The Google Chrome extension Coincidence Detector, which has since been removed from the Chrome store, identified Jews and other “anti-white” individuals. The Coincidence Detector detected based on a regularly updated database of names. The browser extension had a White Supremacist user base and following.
If the International Union of Pure and Applied Chemistry (IUPAC) has its way, the world’s periodic table will have four new names added. Planned for the lower right-hand corner, the names of the new chemical elements are moscovium (Mc); nihonium (Nh), tennessine (Ts), and oganesson (Og). According to the IUPAC rules, elements must be named after a mythological concept, a mineral, a scientist, one of their physical or chemical properties, or a place. The name for element 113, for example, was derived from the Japanese word “Nihon” or “Japan”. After much debate, this name won out over its leading competitor, “Japonium”. By the same token, Elements 115 and 117, owe their names to the toponyms “Moscow” and “Tennessee”. Unless there are major objections, these chemical monikers will become officially enshrined in the table this coming Autumn.
Recently, angry demonstrators armed with banners rallied in front of the Consulate General of Japan. What was the fight over? If you ask the protesters, they would probably answer history, culture, identity, and corporate bullying. At the center of the firestorm is the name of a cute, little, yellow, red cheeked…uh…critter named Bei Ka Chiu aka Pikachu. If Nintendo has its way, this beloved figure will be known the world over Pei Ka Yau in Cantonese.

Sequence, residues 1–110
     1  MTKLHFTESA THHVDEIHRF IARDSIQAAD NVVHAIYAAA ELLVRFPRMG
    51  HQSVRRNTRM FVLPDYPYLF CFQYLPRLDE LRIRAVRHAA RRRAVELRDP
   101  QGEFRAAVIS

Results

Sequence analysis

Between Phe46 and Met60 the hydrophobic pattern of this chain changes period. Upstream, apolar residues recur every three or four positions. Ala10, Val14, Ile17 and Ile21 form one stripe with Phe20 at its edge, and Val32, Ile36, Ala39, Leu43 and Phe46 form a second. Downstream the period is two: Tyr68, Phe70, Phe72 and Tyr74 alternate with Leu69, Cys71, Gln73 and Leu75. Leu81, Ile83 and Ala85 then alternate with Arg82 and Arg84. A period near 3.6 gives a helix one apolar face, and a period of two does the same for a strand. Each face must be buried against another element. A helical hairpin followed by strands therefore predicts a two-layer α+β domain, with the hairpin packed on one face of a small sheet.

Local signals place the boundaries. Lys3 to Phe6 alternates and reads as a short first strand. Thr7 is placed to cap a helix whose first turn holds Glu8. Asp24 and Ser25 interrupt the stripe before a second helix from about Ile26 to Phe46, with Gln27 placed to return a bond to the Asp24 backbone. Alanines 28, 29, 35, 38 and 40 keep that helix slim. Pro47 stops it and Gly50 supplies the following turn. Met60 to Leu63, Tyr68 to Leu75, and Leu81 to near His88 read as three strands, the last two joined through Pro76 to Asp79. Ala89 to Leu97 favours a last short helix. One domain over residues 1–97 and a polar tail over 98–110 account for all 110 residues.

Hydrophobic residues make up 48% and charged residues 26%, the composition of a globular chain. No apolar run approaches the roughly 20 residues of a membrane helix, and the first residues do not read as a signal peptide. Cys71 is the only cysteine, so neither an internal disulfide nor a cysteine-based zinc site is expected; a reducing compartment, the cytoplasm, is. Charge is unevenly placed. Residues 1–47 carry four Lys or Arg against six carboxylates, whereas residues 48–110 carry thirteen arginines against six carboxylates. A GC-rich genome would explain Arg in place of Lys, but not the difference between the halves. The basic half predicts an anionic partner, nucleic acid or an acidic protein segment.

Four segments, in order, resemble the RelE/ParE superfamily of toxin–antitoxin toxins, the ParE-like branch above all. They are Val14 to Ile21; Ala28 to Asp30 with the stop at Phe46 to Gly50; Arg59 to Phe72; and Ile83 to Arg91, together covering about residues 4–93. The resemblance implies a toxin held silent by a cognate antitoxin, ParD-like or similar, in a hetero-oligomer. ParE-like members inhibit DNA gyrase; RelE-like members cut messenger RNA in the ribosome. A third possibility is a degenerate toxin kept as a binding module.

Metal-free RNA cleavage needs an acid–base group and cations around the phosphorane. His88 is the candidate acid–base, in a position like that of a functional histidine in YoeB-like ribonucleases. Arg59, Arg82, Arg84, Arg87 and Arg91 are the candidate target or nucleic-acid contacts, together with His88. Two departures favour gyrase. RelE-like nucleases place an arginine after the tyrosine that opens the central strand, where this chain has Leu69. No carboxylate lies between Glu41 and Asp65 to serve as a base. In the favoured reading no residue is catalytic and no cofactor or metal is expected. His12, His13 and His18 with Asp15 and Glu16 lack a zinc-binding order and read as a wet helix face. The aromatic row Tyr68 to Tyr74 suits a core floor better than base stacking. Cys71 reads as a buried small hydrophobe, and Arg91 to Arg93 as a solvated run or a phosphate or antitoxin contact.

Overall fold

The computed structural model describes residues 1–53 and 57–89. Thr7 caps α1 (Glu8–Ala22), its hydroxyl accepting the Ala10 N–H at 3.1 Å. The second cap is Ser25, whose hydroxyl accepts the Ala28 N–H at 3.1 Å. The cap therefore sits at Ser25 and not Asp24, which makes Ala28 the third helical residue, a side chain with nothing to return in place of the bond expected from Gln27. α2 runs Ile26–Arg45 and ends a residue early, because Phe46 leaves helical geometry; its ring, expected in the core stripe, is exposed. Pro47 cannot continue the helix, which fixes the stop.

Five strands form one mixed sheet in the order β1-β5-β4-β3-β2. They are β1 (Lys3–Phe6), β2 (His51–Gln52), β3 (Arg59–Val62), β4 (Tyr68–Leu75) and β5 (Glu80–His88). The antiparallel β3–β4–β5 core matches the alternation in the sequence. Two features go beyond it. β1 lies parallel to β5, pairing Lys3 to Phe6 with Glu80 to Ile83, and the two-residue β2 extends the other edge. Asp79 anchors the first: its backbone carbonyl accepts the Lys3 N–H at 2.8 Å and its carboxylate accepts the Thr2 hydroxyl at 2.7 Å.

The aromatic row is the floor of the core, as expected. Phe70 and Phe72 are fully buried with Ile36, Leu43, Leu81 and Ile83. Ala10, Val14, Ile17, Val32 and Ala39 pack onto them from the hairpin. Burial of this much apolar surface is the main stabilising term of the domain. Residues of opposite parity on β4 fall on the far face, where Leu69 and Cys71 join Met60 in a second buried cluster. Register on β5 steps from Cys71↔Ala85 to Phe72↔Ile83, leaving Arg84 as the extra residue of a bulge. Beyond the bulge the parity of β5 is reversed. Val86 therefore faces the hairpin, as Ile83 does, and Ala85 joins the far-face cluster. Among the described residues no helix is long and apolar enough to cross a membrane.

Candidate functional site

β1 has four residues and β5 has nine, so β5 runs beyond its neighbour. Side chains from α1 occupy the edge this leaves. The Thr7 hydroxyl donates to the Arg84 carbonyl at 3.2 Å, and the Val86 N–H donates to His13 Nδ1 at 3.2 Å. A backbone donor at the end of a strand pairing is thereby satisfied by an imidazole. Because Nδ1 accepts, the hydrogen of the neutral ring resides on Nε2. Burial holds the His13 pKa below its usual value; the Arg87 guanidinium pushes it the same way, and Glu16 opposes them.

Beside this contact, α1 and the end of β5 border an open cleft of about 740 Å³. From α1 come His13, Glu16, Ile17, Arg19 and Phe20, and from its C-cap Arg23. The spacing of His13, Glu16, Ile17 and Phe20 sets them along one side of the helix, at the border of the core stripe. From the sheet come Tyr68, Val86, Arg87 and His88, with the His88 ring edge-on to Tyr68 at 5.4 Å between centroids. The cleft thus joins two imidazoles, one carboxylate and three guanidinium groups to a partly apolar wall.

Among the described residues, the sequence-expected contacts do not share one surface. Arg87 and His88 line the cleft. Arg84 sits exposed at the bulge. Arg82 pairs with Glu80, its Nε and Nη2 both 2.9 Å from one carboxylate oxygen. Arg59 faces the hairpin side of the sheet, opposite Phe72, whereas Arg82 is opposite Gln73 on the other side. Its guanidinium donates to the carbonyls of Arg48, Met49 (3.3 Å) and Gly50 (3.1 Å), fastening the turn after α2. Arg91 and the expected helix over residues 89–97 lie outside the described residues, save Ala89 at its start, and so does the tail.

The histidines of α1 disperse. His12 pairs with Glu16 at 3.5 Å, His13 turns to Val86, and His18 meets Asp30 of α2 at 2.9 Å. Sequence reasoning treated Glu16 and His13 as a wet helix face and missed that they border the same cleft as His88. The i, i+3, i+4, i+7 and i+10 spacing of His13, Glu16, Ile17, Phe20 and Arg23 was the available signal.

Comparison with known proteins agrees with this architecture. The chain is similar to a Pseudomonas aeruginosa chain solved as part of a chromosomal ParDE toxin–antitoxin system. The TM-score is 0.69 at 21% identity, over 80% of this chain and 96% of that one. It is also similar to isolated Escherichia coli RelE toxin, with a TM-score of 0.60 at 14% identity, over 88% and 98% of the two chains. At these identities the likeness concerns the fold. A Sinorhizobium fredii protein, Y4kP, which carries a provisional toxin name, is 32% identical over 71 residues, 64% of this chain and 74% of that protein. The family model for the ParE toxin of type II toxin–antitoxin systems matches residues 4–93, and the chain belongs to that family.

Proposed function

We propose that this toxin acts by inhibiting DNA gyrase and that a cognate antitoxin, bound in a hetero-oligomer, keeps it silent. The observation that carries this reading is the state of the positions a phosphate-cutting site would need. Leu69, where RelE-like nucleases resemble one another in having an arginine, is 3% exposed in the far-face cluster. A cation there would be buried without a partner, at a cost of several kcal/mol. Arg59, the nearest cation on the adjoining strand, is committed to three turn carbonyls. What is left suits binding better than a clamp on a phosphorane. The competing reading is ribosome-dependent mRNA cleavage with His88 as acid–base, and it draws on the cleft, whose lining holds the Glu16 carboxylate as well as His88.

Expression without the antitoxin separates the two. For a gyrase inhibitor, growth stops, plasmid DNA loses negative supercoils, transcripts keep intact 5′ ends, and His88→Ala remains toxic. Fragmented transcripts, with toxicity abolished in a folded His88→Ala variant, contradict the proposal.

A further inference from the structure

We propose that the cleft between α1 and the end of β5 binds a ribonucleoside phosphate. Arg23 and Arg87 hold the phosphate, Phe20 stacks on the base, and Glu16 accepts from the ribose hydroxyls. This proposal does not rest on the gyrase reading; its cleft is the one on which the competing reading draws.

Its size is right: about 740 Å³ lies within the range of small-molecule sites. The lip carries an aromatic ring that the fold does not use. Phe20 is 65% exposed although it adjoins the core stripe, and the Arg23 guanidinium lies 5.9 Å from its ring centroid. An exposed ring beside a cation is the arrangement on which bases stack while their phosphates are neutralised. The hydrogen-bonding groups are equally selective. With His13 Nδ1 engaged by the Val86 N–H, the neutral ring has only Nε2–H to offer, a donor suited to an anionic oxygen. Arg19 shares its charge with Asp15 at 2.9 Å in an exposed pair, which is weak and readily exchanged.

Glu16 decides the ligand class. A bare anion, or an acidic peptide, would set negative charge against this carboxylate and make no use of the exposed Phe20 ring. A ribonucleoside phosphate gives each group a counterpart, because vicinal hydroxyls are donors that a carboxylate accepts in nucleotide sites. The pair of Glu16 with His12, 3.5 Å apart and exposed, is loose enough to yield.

From the 1st to the 2nd of December 2016, an international interdisciplinary conference on lexicography will be held in Paris, France. Visit the website for more information (in French) about this event.
From the 3rd to the 4th of November 2016, the 3rd International Lexicography Symposium will be hosted in Eskişehir, Turkey. The deadline for abstract submissions in the 1st of July 2016. Visit their website for more on the topics of interest, guest speakers, and registration.
Any idea what the most popular country domain name in the internet is today? If you guessed the United States, Germany, or India, you’re way off base. With more than 31 more registered addresses the most popular toponymic domain name is…Tokelau. Never heard of it? Learn what Tokelau has what so many other nations don’t.
At the recent meeting of the Canadian Society for the Study of Names / Société canadienne d’onomastique in Calgary, Alberta, Dr. Carol Lombard delivered the keynote address on her doctoral research about cattle brands in Montana.
In 2012, after a seven-year battle with the NCAA, the North Dakota men’s hockey team finally acquiesced and officially changed their team name to the “Fighting Hawks”. The North Dakota voters overwhelmingly supported the name change. However, as a quick look in the stands of a hockey game shows, diehard fans have remained resistant to the change. The team’s older name, The Fighting Sioux, remains stubbornly popular among many team fans.